Self-settled asset protection trusts are not typically designed to eliminate transfer tax. Instead, they are created to provide protection for assets that might be distributed to, or used to benefit, the settlor. Until relatively recently, the law of trusts dictated that a creditor of the settlor of a trust could reach the trust’s assets to the same extent that those assets could have been used to benefit the settlor. However, to date 19 states have introduced exceptions to that general rule. To increase the likelihood that a self-settled asset protection trust is respected for creditor protection purposes, it should be created in a state (like Delaware or Ohio) that has robust domestic asset protection trust statutes in place. These trusts, though frequently includable in the settlor’s estate for transfer tax purposes, offer greater asset protection than would be afforded by individual ownership or ownership through a revocable trust.
A newer development comes in the form of a hybrid asset protection trust. This type of trust benefits individuals other than the settlor, at least initially. These trusts can be written to include the settlor as a beneficiary later in time or perhaps under circumstances over which the settlor has no control. For instance, the trust may permit the settlor to be added as a beneficiary after 10 years have passed or after some contingency has occurred. In this way, many of the issues cited for self-settled trusts can be minimized or even avoided.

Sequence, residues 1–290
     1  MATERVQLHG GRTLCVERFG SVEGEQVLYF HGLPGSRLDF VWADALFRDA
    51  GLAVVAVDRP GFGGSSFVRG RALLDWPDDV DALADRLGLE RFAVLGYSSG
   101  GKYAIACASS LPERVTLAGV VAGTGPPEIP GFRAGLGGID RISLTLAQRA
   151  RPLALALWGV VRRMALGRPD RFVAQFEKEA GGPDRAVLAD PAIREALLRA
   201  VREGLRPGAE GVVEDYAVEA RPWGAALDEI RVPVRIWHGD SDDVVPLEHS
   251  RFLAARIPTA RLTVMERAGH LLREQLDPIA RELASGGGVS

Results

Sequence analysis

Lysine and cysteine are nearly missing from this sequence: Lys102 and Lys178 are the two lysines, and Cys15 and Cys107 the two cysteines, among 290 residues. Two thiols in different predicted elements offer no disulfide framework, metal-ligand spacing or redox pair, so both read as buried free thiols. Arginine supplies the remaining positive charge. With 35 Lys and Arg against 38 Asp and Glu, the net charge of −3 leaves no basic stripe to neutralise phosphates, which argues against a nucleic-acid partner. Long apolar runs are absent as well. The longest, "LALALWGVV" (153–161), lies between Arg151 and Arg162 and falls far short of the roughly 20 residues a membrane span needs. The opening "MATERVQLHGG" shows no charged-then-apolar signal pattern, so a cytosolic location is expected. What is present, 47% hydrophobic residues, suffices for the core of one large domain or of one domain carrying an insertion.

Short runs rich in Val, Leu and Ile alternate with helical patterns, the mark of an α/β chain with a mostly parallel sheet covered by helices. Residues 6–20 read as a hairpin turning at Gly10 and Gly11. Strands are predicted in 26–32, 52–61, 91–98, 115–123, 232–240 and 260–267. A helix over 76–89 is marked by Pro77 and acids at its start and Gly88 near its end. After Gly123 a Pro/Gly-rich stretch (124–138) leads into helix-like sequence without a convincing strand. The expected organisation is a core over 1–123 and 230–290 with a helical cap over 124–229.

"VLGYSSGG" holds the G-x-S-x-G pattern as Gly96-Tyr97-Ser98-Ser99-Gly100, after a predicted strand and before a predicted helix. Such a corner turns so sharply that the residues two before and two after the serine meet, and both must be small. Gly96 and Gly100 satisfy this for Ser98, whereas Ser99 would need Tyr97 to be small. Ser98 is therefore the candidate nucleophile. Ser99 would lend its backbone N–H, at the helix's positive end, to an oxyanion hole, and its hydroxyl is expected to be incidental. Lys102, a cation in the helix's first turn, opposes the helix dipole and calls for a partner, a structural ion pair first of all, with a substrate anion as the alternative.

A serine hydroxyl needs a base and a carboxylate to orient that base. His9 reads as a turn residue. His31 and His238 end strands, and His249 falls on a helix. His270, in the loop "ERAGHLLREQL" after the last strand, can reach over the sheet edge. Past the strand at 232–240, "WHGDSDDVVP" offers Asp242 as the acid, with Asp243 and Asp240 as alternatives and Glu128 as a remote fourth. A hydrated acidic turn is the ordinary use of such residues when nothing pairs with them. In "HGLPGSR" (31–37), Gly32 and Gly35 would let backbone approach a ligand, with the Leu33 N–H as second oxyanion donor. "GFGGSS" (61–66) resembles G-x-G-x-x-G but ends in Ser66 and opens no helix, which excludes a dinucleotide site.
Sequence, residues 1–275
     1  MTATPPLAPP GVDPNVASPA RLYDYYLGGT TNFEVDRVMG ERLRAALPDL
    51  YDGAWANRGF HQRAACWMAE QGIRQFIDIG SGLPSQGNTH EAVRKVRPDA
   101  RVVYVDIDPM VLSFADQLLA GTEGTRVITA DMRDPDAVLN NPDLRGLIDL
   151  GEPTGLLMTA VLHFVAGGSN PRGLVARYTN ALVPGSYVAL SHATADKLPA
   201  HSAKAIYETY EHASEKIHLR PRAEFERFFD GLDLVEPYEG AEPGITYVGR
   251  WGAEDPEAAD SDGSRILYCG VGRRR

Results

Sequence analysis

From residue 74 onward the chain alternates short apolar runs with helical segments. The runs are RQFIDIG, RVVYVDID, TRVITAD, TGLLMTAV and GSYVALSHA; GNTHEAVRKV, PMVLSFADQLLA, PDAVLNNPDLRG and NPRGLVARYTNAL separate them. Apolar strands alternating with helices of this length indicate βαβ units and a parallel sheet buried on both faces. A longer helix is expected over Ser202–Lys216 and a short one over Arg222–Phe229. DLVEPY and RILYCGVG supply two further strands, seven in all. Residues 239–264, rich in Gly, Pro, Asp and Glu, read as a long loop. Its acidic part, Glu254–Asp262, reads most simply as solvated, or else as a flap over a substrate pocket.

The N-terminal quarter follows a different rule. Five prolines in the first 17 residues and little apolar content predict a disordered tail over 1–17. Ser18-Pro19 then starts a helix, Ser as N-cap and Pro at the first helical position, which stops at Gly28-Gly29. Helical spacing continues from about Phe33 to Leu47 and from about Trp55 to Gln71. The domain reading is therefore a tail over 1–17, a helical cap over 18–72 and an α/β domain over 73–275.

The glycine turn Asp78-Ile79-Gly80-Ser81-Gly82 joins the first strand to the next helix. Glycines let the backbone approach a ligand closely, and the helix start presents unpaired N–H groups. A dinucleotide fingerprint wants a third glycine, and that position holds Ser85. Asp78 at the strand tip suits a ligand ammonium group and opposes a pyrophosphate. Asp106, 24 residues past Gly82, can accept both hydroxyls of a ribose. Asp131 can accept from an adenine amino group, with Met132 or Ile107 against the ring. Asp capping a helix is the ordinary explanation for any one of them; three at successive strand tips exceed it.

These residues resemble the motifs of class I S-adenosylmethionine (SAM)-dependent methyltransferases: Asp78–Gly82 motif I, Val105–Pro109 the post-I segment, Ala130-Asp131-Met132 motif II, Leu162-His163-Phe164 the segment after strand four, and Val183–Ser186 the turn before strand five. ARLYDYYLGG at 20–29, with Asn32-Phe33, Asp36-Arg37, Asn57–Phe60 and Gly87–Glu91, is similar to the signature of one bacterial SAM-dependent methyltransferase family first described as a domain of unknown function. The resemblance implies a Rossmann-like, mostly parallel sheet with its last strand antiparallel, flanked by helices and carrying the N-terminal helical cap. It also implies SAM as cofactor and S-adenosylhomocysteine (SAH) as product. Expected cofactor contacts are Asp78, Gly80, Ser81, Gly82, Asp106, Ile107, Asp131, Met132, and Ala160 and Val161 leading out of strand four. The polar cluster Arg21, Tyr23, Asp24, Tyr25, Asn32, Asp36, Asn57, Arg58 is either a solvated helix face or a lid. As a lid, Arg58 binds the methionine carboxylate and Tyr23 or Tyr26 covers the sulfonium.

Other common attributes of asset protection trusts include discretionary distribution standards, using trust protectors or trust committees and reserving certain administrative decisions to independent or adverse trustees. Each of these features is intended to evidence an additional degree of separation between the settlor of the trust and control over the trust assets and augment the protective nature of the arrangement.
By way of contrast, the often-used revocable trust, in which the terms can be changed at any time, offers no asset protection features. Assets held in revocable trust are exposed to creditors in all 50 states. However, revocable trusts do provide a mechanism for management of your assets in the event you become incapacitated or die. It is not unusual for business owners to establish both a revocable trust for assets that fund their lifestyle and an irrevocable asset protection trust for a “rainy day.”
The type of trust created depends on your specific wealth planning needs and goals. It is important to discuss the implications of any type of trust with your estate planning attorney and your relationship team.
Protecting assets for your family and your business requires thoughtful due diligence in the context of a holistic estate planning process. Preserving and transferring family wealth are top of mind for business owners as they also work to grow and maintain a thriving company. Incorporating trusts into the overall estate and wealth plan can be advantageous. We urge you to discuss your concerns with your Relationship Team as well as your attorney and tax advisors.